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(2) In any prosecution under ORS 163.408, when the object used to commit the unlawful sexual penetration was the hand or any part thereof of the actor and in which the victim’s lack of consent was due solely to incapacity to consent by reason of being less than a specified age, it is a defense that the actor was less than three years older than the victim at the time of the alleged offense.

(3) In any prosecution under ORS 163.445 in which the victim’s lack of consent was due solely to incapacity to consent by reason of being less than a specified age, it is a defense that the actor was less than three years older than the victim at the time of the alleged offense if the victim was at least 15 years of age at the time of the alleged offense.

(2) When criminality depends on the child’s being under a specified age other than 16, it is an affirmative defense for the defendant to prove that the defendant reasonably believed the child to be above the specified age at the time of the alleged offense.

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See Preface to Oregon Revised Statutes for further explanation.

163.263 Subjecting another person to involuntary servitude in the second degree.

(b) If the person has one or more prior convictions under this section at the time of the offense, purchasing sex with a minor is a Class B felony, the state need not prove that the person knew the minor was under 18 years of age and the person may not use a defense described in ORS 163.325.

(3)(a) When a person is convicted under this section, in addition to any other sentence that may be imposed, the court shall impose and may not suspend the sentence described in paragraph (b) of this subsection.

These sections may be determined by referring to the 1971 Comparative Section Table located in Volume 20 of ORS.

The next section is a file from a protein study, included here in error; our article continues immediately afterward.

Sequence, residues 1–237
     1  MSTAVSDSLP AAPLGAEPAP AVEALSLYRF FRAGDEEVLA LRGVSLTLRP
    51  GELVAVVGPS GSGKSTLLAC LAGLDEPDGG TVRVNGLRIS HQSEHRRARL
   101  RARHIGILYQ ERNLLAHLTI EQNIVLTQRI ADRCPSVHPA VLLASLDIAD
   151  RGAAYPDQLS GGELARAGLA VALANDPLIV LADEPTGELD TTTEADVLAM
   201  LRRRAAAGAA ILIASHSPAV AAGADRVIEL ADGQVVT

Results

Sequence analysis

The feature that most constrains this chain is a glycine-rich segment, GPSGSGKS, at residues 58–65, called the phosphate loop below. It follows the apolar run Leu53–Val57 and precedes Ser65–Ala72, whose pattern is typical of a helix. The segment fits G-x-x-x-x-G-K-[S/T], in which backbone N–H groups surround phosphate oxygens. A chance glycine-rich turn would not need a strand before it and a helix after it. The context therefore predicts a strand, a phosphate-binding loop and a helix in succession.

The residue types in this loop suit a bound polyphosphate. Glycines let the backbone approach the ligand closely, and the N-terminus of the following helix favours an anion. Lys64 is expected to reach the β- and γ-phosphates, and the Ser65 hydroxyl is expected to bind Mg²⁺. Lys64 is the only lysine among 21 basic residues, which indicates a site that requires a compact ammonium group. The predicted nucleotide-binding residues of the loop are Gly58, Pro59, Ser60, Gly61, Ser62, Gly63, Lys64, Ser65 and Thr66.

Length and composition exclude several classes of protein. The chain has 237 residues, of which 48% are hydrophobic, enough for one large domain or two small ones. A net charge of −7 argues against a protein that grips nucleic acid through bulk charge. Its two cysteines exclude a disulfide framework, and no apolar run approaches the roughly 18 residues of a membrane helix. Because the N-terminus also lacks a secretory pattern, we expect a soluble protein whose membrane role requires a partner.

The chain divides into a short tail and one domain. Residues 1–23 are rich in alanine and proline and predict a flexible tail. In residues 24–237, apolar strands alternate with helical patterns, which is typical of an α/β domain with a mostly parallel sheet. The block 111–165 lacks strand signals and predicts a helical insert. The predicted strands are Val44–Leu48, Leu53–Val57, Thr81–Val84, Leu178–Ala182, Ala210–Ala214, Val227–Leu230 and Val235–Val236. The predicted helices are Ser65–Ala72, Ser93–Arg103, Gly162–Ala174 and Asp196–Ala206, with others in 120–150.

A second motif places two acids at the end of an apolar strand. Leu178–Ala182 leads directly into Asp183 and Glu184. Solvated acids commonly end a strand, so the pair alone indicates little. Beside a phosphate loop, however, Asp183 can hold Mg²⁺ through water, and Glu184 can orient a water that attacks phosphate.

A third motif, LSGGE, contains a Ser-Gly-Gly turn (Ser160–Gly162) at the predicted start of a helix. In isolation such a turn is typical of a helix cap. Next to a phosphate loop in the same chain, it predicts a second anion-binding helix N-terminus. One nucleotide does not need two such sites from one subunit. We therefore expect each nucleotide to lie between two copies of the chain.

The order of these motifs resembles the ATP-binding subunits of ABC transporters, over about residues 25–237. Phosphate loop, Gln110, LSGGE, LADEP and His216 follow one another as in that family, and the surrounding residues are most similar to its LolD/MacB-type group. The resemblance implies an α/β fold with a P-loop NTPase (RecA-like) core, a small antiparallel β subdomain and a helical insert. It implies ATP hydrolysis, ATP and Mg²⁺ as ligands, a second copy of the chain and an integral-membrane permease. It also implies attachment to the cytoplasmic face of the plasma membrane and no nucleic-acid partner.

(2) A lack of verbal or physical resistance does not, by itself, constitute consent but may be considered by the trier of fact along with all other relevant evidence.[1971 c.743 §108; 1991 c.386 §3; 1991 c.830 §4; 1999 c.626 §24; amendments by 1999 c.626 §45 repealed by 2001 c.884 §1] 163.385 Sodomy in the third degree.(1) A person commits the crime of sodomy in the third degree if the person engages in deviate sexual intercourse with another person under 16 years of age or causes that person to engage in deviate sexual intercourse. (1) A person who engages in deviate sexual intercourse with another person or causes another to engage in deviate sexual intercourse commits the crime of sodomy in the second degree if the victim is under 14 years of age. (1) A person who engages in deviate sexual intercourse with another person or causes another to engage in deviate sexual intercourse commits the crime of sodomy in the first degree if: 163.408 Unlawful sexual penetration in the second degree.[1971 c.743 §105; 1999 c.949 §2; 2001 c.104 §52] 163.325 Ignorance or mistake as a defense.(1) In any prosecution under ORS 163.355 to 163.445 in which the criminality of conduct depends on a child’s being under the age of 16, it is no defense that the defendant did not know the child’s age or that the defendant reasonably believed the child to be older than the age of 16.(1) A person commits the crime of trafficking in persons if the person knowingly recruits, entices, harbors, transports, provides or obtains by any means, or attempts to recruit, entice, harbor, transport, provide or obtain by any means, another person and: (2) A person commits the crime of trafficking in persons if the person knowingly benefits financially or receives something of value from participation in a venture that involves an act prohibited by subsection (1) of this section or ORS 163.263 or 163.264. A person who is the victim of a crime described in ORS 163.263, 163.264 or 163.266 may assert the defense of duress, as described in ORS 161.270, if the person is prosecuted for conduct that constitutes services under ORS 163.261, that the person was caused to provide. (1) A person commits the crime of coercion when the person compels or induces another person to engage in conduct from which the other person has a legal right to abstain, or to abstain from engaging in conduct in which the other person has a legal right to engage, by means of instilling in the other person a fear that, if the other person refrains from the conduct compelled or induced or engages in conduct contrary to the compulsion or inducement, the actor or another will: (e) Cause or continue a strike, boycott or other collective action injurious to some person’s business, except that such a threat is not deemed coercive when the act or omission compelled is for the benefit of the group in whose interest the actor purports to act; (g) Unlawfully use or abuse the person’s position as a public servant by performing some act within or related to official duties, or by failing or refusing to perform an official duty, in such manner as to affect some person adversely. In any prosecution for coercion committed by instilling in the victim a fear that the victim or another person would be charged with a crime, it is a defense that the defendant reasonably believed the threatened charge to be true and that the sole purpose of the defendant was to compel or induce the victim to take reasonable action to make good the wrong which was the subject of the threatened charge.

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